A lot going on there. Many things· to adjust, many things to think about.
·The front wheels’ toe-angle is normally set to 0, so the wheels are parallell, or a few degrees toe-out. Toe-in on the front is never used. Personally I feel that the front toe-angle makes a very small difference in the handling of the car. More toe out should actually make the car more stable, contrary to what most people think. But I think the difference is small unless you go crazy with it and ad many degrees.
Toe-in on the rear however, makes a big difference to the cars handling. Normally people run between 2-4 degrees toe-in on the rear. More toe-in increases rear traction, and makes the car more stable and easy to drive. It reduces overall steering, although some people claim it increases initial steering into the corner. However I always feel more rear-toe = less steering. More rear toe-in can also make the car want to flip over more easily, specially on high traction bumpy tracks. The right amount of toe-in to run, depends very much on your personal driving style. I like to run the least amount of toe-in I can get away with, which usually means 1.5-2.5 degrees on most cars, and 3 on THE Car.
·Camber angles are always negative, in an effort to get the smoothest traction when cornering. The more the wheels are leaned over, the less sidebite the tyres have, and this means it is less prone to flipping over. The reason for not running very large amounts of camber is that forward traction is reduced as camber is added. Camber isn’t really something people change very often, as it doesn’t have a big impact on the handling. I don’t even measure the degrees I run, I go by feel, and then measure the upper link, to make sure it’s the same on both sides, and then I always set my camber by the measurement. In degrees camber normally varies between 2-6 degrees. Front and rear the same, or rear slightly more.
It is a good idea to measure the upper links to make sure they are the same on both sides. I dont even measure the angle.
Caster is set by changing the casterblock on a c-hub car, or moving the upper arm back on a pillow-ball front end car. Caster changes how much the front is raised up when the wheels are turned, and also the size of the contact patch between the tyre and the track, and how much the tyres lean over when turned. This changes the forces that act on the tyre as the wheels turn, and the traction they can provide. But what is important is how caster effects handling.
Overall Caster angle is 24 degrees in this picture. This includes Kickup of 8 degrees and the angle of the hub, 16 degrees.
Some set up guides state the effect of caster as the opposite of what can be found if one tests it on a 1:8th scale buggy. This is a good example of how vehicle dynamics theory that can be found in books and the reality at the track differs. I think that theory is good in order to get an idea of how stuff works, and in order to get ideas for what to try. But it doesn’t always get the effect on the handling right, as in 1:8 buggies, compared to real cars, the wheels are turned a lot more, and the size of the obstacles, and the speed carried, and the weight – power ratios are so different. Anyway that’s my theory.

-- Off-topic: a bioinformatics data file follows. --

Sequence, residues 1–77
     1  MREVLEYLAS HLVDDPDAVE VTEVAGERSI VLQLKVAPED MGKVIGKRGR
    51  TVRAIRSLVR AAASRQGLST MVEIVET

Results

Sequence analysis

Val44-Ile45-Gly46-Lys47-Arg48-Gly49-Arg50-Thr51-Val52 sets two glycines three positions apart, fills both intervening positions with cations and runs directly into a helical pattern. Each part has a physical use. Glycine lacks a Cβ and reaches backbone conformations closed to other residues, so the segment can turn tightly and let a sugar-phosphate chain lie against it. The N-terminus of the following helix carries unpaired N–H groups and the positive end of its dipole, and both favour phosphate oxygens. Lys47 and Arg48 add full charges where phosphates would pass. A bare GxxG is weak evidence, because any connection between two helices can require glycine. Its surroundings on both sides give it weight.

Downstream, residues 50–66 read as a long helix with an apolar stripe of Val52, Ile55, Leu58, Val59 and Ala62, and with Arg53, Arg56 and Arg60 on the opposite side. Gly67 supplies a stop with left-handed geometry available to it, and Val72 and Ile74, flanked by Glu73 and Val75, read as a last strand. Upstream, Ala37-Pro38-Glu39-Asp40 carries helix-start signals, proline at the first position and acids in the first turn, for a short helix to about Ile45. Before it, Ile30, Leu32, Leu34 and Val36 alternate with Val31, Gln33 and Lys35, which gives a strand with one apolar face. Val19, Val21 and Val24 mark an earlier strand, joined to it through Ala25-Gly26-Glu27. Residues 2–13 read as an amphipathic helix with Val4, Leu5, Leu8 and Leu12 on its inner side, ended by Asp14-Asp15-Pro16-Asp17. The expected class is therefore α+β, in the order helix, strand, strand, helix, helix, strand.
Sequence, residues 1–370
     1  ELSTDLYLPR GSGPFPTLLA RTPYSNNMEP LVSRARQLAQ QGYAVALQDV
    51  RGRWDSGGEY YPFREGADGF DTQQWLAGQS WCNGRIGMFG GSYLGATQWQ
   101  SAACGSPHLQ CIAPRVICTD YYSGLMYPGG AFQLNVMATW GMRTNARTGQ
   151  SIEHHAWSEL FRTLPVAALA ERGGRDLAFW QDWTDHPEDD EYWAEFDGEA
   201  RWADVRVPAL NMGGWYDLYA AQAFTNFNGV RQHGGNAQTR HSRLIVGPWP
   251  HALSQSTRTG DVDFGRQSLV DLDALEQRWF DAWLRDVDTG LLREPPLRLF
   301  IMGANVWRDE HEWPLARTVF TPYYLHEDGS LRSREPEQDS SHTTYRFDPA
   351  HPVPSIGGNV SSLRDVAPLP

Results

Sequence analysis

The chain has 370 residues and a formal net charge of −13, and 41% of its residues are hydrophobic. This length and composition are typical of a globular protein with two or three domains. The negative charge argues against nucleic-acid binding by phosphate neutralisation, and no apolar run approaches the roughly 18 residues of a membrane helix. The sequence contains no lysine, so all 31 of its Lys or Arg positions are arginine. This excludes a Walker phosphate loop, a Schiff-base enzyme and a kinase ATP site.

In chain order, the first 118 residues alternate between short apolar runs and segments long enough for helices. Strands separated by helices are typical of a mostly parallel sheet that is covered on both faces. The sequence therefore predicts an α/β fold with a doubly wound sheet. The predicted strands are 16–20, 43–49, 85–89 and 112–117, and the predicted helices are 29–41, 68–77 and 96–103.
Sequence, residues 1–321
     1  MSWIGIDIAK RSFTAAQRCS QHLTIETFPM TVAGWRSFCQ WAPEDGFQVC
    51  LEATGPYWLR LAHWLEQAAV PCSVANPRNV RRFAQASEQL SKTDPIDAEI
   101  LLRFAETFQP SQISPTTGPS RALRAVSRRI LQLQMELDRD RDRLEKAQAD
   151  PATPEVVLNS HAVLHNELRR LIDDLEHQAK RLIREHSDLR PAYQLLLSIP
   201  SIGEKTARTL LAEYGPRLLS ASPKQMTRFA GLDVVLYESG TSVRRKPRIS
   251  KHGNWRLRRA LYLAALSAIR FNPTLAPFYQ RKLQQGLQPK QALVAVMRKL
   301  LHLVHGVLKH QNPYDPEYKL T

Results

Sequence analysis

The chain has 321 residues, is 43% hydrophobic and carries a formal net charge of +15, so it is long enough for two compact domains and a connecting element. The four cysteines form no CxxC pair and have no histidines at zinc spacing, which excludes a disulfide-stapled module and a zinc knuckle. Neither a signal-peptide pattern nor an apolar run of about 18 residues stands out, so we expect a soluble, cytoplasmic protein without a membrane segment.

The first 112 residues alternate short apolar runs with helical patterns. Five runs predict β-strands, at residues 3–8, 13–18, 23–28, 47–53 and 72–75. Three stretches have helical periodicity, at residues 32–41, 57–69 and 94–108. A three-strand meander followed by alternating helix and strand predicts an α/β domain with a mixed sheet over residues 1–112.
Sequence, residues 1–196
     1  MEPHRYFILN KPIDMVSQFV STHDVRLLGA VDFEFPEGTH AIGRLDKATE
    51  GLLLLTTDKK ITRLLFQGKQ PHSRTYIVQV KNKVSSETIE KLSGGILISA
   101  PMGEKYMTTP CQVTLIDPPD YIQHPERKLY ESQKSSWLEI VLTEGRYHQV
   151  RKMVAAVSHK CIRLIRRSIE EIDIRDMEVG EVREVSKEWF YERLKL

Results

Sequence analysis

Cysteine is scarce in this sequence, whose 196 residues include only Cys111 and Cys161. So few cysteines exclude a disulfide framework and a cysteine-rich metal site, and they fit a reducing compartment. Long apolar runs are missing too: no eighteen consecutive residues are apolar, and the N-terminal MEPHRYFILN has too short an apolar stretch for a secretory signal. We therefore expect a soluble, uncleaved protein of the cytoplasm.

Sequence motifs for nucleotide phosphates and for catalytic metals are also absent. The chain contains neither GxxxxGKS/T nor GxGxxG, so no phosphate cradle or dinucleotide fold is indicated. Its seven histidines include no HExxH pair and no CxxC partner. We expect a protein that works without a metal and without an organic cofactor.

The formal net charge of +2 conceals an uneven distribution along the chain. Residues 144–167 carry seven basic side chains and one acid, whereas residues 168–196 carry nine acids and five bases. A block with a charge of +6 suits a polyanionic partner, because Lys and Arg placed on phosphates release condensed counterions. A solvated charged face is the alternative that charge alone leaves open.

Here is how I think Caster effects handling:
A smaller amount of caster will make the car twitchy, and more precise and hard to drive. The steering is very responsive and the car turns a lot into the corner, but not as much in the corner and when accelerating out of it. Increasing caster will calm the car down, it won’t turn as much into corners, but will have more steering in the corner, and when accelerating out. The car will specially have more, and more consistent smoother steering in long sweeping corners, that are driven on-power. Large amounts of caster also make the car more stable in bumps. Large amounts of caster require the driver to be on-power a lot, in order to get the most steering out of the car.
Generally less caster is best for small technical tracks, and for low traction, and larger amounts is good for more wide open, flowing tracks, and high traction. But in reality caster isn’t really changed much by the top drivers. I don’t change it because I find what I feel works best, and then I stick to it, because I am comfortable with it. Whatever the situation is, I have a feel for how the car will turn, and it won’t surprise me.
5.4 Kick Up and Anti Squat
Kick-up for the front-end, and anti-squat at the rear. The front of the chassis is bent up, normally about 8 degrees. On most cars the front arms can also be set, so the angle they are at, when viewed from the side, is the same, less or more than the chassis 8 degrees of kick-up.
Kickup angle, hingepin compared to horisontal.
More kick-up on the front makes the car go better through bumps, and makes it jump better, specially on jumps with rough uneven faces. More kick-up also reduces steering, specially steering response, as it calms the car down, and makes it smoother. The car will transfer more weight, as the front will rise when accelerating and lower under braking. This can have the effect of making it easier to brake around hairpins as the weight is transferred to the front, and the rear slides round.
Less kick-up makes the car more responsive, and better for smooth and for high traction tracks. The car will be more stable on high traction tracks due to less weight transfer.